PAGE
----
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Stephen G.
Stephen G., Sr Income Tax Expert
Category: Tax
Satisfied Customers: 7119
Experience:  Extensive Experience with Tax, Financial & Estate Issues
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I have husband and wife both deceased in same year. Can estate

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I have husband and wife both deceased in same year. Can estate receive k-1 from another estate? And since this is the final 1041, can beneficiaries receive losses from liquidated brokerage account?

Stephen G :

Hi & thanks for using our service. I'll do my best to give you a complete & accurate answer. Please ask me to clarify anything that is not clear.

Stephen G :

First of all, since you didn't provide any details, the answer to your first question is yes it is possible. As long it is the final year of an estate, any carryforward capital losses are distributed to the heirs.

Stephen G :

If you want to get more specific, I'll be glad to assist you further.

Customer:

Hi Stephen

Customer:

Both spouses died in 2011 and are doing their final 1041s. The wife's estate terminated in May and had roughly $580 income from interest and dividends. I thought about putting this amount into the husband's estate since it was still open however, I don't know if that is necessary seeing that it is not $600. The husband's estate had a brokerage account that was liquidated and produced $4500 ST loss and $9900 LT loss. Since this is the final year, is it proper to send the losses to the beneficiaries on their K-1s?

Stephen G :

As far as the wife's estate, you could just file the final income tax return for the estate and the $580. would be covered by the exemption. I believe that you must file a return in the final year of the estate irrespective of the amount of income.

Stephen G :

On the husband's estate, naturally you would reflect the capital transactions on the Estate's final 1041 and then if as you say there are losses, they may be passed on to the beneficiaries as it is the final year of the estate and you point out.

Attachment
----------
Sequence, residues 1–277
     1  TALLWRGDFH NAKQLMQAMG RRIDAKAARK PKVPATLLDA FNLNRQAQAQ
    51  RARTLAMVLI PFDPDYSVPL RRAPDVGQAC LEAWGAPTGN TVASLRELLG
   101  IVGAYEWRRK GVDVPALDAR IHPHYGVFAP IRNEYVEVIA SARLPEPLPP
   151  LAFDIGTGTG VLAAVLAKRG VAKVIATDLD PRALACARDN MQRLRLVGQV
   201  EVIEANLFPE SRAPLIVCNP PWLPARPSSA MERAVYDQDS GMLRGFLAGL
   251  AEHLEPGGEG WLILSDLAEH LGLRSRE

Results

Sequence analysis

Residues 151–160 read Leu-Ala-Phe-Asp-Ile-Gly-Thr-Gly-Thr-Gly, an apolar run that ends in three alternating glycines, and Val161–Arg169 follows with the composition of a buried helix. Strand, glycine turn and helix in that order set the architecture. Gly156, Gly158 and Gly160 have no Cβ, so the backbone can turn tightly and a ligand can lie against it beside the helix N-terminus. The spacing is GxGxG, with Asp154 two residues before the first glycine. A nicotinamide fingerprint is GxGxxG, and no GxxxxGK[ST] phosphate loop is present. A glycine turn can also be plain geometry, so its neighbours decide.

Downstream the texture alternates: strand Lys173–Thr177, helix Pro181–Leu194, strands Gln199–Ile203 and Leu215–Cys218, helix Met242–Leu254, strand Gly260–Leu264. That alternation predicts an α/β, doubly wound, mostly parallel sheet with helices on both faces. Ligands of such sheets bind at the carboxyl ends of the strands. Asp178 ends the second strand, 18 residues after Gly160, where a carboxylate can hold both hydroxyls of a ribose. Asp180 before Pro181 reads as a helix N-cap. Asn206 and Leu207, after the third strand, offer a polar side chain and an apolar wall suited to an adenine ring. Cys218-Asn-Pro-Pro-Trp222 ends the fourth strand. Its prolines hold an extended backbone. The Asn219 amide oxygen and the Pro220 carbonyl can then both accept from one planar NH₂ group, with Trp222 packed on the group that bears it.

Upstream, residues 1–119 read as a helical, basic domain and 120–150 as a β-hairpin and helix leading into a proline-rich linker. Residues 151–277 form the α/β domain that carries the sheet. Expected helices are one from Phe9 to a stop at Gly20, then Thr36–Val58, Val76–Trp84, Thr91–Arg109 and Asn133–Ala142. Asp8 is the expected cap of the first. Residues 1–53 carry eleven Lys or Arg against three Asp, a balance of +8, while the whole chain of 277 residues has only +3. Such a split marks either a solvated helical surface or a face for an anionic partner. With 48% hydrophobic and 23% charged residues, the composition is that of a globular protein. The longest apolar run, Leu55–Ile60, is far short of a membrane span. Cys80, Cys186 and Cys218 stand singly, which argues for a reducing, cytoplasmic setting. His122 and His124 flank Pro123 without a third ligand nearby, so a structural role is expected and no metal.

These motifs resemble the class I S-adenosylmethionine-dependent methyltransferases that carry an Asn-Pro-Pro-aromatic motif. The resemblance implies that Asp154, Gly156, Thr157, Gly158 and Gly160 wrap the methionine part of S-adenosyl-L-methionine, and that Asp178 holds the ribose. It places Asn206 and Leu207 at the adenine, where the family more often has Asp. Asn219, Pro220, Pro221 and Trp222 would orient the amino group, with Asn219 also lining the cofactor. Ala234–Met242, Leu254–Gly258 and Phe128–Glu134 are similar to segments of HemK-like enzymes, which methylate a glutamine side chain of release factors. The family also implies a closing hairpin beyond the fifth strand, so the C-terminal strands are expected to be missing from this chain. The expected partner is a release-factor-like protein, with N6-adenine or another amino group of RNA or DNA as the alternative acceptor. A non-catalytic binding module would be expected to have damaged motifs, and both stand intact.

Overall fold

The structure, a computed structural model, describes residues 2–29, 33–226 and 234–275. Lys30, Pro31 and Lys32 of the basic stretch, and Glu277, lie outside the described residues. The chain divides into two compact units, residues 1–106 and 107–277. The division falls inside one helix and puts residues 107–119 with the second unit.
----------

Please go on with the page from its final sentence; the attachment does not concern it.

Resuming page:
Customer:

Perfect - both of the long term and short term is on line 11 of the K-1? I think I was over thinking the situation.

Stephen G :

Were these losses generate by the estate subsequent to the date of death?

Customer:

That is correct. The account was transferred to the estate at the time of death in 2011; the account was liquidated in 2012.

Stephen G :

So were the securities tax basis adjusted to the fair market value at the date of death and in this rising market they generated losses?

Customer:

That is also correct. All of the stock 'acquisition' dates from the brokerage is the date of death. The values were adjusted to that date.

Stephen G :

Ok just checking, you realize I have no clue 99% of the time who I'm talking to; so forgive me if I ask obvious questions;

Stephen G :

Yes line 11 of the K-1 but coded separately as l/t & s/t

Stephen G :

all securities inherited from a decedent are automatically long term; so short term losses would have had to be generated by purchases subsequent to the date of death

Stephen G :

you said that they all had the DOD as the acquisition date;

Stephen G :

that's ok, but all those would be long-term

Stephen G :

no matter when they were sold

Customer:

That's fine, you have helped big time. I have done individual taxes for over 30 years and these were clients; just don't get into estate taxes that much and am trying to help the daughter as executor. I appreciate your time, I think I have a clear picture. As I look at the brokerage statement, I see some of the activity was not at the date of death. I need to examine all of the dates so that I classify the sales correctly.

Stephen G :

OK, good luck

Stephen G :
id="yiv879888728yui_3_7_2_34_1363549301471_39">If you need to contact me again with any tax or financial questions, you can just ask for "Steve G" at the beginning of your question. Again, please remember to rate my response. Bonuses, where you think they are warranted, and excellent ratings, are always most appreciated. Thanks again for using JustAnswer.com.


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Thanks very much, Steve G.
Customer:

Thank you very much. Good night.

Stephen G :

bye, happy easter

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